Putting I.T. Appliances to Work

By John Parkinson  |  Posted 04-03-2007
There are a lot of appliances in my kitchen: refrigerator, cook top, oven, microwave, dishwasher, toaster, coffeemaker. They all have specialized functions. No one suggests there should be a single, general-purpose kitchen appliance that could be adapted to cover all these tasks. An appliance model—natural for the kitchen—might also be just as natural for the data center.

IT appliances are already there. A router is just a network appliance for sending and receiving packets efficiently. There are also specialized computing platforms for storage, search, security, e-mail management, data analytics and system management. They all have similar objectives: do a few things very well in order to outperform a general-purpose computing architecture that relies on layers of software to perform the same tasks. Think of it as a race between processor cycles applied to specialized tasks, and the same cycles applied to generalized tasks. A general-purpose architecture has to cope with a much wider range of usage scenarios. On the other hand, appliances don't have to be good at everything, just the functions incorporated in the devices.

The availability of industry-standard components and Linux have radically altered the economics of the appliance approach. Appliances benefit from the established set of monitoring and management standards that let them behave as good citizens in the network in a way that general-purpose computing platforms and software can't.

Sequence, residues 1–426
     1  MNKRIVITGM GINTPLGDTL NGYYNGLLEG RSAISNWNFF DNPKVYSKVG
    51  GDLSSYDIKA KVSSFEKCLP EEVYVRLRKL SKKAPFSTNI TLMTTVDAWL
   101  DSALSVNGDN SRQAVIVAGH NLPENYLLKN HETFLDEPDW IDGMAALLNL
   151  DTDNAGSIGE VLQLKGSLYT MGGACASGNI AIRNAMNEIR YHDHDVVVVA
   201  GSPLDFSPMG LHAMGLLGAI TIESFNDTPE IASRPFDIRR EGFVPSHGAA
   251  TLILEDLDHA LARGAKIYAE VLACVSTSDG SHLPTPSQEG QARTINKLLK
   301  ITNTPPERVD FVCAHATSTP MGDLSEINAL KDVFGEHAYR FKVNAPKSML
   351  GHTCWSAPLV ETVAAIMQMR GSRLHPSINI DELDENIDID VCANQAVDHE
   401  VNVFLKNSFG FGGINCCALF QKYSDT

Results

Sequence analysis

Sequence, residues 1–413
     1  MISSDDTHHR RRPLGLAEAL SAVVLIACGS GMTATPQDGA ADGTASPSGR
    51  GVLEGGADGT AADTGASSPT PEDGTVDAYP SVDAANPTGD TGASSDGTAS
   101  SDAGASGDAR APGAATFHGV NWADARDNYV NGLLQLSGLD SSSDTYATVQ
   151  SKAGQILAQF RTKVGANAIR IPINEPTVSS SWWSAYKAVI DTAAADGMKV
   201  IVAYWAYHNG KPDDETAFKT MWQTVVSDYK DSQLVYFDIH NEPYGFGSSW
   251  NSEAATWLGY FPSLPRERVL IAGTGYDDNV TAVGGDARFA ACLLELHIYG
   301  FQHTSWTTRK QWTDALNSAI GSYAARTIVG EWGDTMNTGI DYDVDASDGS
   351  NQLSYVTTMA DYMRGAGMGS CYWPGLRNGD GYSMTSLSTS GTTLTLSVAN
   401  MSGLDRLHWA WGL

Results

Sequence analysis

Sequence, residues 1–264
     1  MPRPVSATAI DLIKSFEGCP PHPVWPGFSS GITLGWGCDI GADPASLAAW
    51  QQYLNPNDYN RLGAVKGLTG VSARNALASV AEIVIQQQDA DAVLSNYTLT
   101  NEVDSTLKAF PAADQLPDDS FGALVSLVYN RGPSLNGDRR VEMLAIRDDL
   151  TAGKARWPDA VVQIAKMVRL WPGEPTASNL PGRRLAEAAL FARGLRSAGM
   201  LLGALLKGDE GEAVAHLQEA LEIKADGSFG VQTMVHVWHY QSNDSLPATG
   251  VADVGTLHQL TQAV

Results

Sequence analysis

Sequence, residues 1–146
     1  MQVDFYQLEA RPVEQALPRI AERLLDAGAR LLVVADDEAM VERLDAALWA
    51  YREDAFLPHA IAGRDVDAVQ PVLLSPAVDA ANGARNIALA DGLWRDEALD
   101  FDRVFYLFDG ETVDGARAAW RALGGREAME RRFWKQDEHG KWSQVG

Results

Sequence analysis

Today, most appliances are focused on at least one of three categories:

  • Do a few things very fast, accurately and repetitively.
  • React very fast to infrequent but important events.
  • Dynamically optimize the use of relatively expensive assets.

    Think of the appliance model as the anti-virtualization strategy. As general-purpose computing platforms adopt virtualization to get higher levels of utilization for diverse workloads, appliance-makers target workloads that perform best on specialized platforms, and then build dedicated appliances for those workloads.

    This is another of those sourcing dilemmas that CIOs often face. It would be nice if everything in an IT system was a software function that executed on industry-standard virtualized hardware pools. But if a company goes that route, it must depend on its software engineers for adequate performance and reliability, and it may never get enough of either. And software is relatively more expensive to acquire and support over an extended lifecycle. Yet, if a company has a data center full of disparate, discrete appliances all focused on specific tasks, it has much more administrative complexity to address. The individual assets may be cheaper, but the skills and capacity needed to use them could erode the cost advantages that led the company down the appliance route in the first place.

    Co-existence is the key. IT strategists should be looking hard at appliances when performance or scale is critical, but shouldn't abandon general-purpose computing platforms just yet.